Turtles are magnificent creatures that, like all other living species, play a significant part in the marine animal ecosystem. There are about 4,600 turtles that die each year, and some are victims of climate change, pollution. Some are hunted for money, wrapped in networks, or hooked on fish-set bait lines. It is heart-breaking to lose sea turtles as bycatch among fisheries. However, a recent study reveals that since 1990, there’s a 90 percent decline in the population of sea turtles.
About the study
Recently, a report was published in the scientific journal Biological Conservation, which was performed by the Environmental and Conservation International project of Duke University. The researchers reported that 4,600 sea turtle population is perishing annually in U.S. coastal waters, which reflect a 90-percent decline in the premature death rates. Overall, bycatch of turtles, including all non-fatal and fatal interactions, has been reduced by about 60 percent.
Good news for fisheries
According to the researchers, the good is that the fisheries’ attempts over the past two decades to implement recent bycatch management initiatives have made a considerable dent. This included the use of longline circle hooks that are less likely to catch a turtle after the baited hook. The use of ‘turtle excluder devices’ on nets that allow turtles to escape after being caught. It rules on keeping them out of specific areas during times when turtles are most likely to be present.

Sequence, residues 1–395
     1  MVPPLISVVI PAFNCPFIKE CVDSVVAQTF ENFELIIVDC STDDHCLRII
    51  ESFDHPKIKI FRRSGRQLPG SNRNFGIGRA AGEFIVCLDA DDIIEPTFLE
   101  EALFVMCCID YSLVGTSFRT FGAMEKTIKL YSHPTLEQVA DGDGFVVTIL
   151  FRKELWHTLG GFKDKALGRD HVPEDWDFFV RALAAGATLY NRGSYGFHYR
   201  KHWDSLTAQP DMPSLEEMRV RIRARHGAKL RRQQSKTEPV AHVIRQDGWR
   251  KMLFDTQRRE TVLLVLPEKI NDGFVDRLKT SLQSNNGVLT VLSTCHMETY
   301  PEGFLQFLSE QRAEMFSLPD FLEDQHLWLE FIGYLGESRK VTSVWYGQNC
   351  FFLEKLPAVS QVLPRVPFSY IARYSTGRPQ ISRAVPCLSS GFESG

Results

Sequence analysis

Today, as a result of climate change, habitat loss, fishing, and unintentional entanglement due to water contamination, almost all species of sea turtles are still endangered. Nevertheless, while the loss of 4,600 sea turtle population each year as bycatch remains a serious issue and all six marine turtle species present in U.S. waters are currently classified as threatened or endangered sea turtles in the country’s list of endangered animals. The list of endangered sea turtles include leatherbacks, hawksbills, loggerheads, kemp ridleys, olive ridleys, and green sea turtles. Commercial fishing and habitat loss along the coast have been the main threats to sea turtles.
The critical issue still needs more improvement
The researchers have emphasized a critical problem that still needs to be changed. The GloBAL project aims at characterizing the bycatch of marine mammals, sea turtles, and seabirds by synthesizing existing bycatch information from various sources and across different various geographic regions. It is currently collaborating with regional partners and initiatives to gain a more comprehensive perspective on bycatch problems at the local as well as global level. Project GloBAL hopes that its analyzes will provide a multi-dimensional view of bycatch on a regional scale and will assist resource managers in designing successful strategies for reducing bycatch of marine mammals, sea turtles, and seabirds.
So even if we have good news of the report states that the fisheries’ attempts over the past two decades have reduced to a greater extent. However, the bad news is that we are still losing thousands of sea turtle population every year that are found in U.S. waters. Almost all the species of turtles in the U.S. are currently classified as threatened or endangered sea turtles in the country’s list of endangered animals.